Nothing like some good news to start your weekend. In an unusually positive report, yesterday’s Guardian carries a relatively sunny article about the prospects for the CEE property market. (Note also how the paper solves the annoying British media habit of calling everything west of Frankfurt “Eastern Europe”)
Global real estate investors who fled emerging Europe at the start of the year are inching back to the region, lured by prospects of higher returns as fears of widespread economic collapse ebb.
Emerging real estate markets such as Poland, whose economy has held up relative well in a global downturn, and Russia, which is bolstered by rising crude oil prices, are becoming attractive, but Hungary and the Baltics remain no-go zones.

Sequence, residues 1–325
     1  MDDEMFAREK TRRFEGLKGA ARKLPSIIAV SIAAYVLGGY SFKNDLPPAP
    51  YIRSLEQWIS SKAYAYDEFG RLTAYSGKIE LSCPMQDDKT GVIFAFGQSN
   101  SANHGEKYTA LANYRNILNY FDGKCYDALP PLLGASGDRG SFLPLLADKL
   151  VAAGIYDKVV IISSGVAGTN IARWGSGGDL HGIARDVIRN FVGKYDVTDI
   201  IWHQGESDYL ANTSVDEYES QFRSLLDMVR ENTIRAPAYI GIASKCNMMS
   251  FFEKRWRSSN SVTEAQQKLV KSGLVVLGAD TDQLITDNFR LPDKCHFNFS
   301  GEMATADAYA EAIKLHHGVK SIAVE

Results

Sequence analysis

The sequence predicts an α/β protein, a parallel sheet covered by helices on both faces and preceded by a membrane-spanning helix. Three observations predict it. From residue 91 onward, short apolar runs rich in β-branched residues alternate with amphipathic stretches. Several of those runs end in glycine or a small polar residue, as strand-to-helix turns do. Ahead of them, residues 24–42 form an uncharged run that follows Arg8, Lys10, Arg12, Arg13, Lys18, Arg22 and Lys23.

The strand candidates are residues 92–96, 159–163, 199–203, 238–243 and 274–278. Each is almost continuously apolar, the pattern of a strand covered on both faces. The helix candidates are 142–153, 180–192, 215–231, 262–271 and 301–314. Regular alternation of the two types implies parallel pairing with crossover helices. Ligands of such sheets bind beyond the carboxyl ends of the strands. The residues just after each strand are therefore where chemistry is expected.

The main source for the article is Karsten Junius, head of research for Deka Bank. “We’re coming out of a period where no one wanted to do anything as systemic risk in the whole region was extremely high … that period is clearly over.”
Impressively, the Guardian bothers to get some local talent to weigh in on the issue. Jos Tromp, for example. “There is still a belief that in the medium to long term, there will be a lot of growth in this region,” says CBRE’s head of CEE research, who adds that in addition to opportunistic investors, core buyers are sniffing around again.
The paper even sources Tomasz Trzoslo, JLL’s head of capital markets for CEE, who says what many have been warning for some time now. “If you can buy in London for 6-7 percent, why buy in Central Europe? Central Europe needs to trade at a yield premium — my guess about 150-200 basis points.”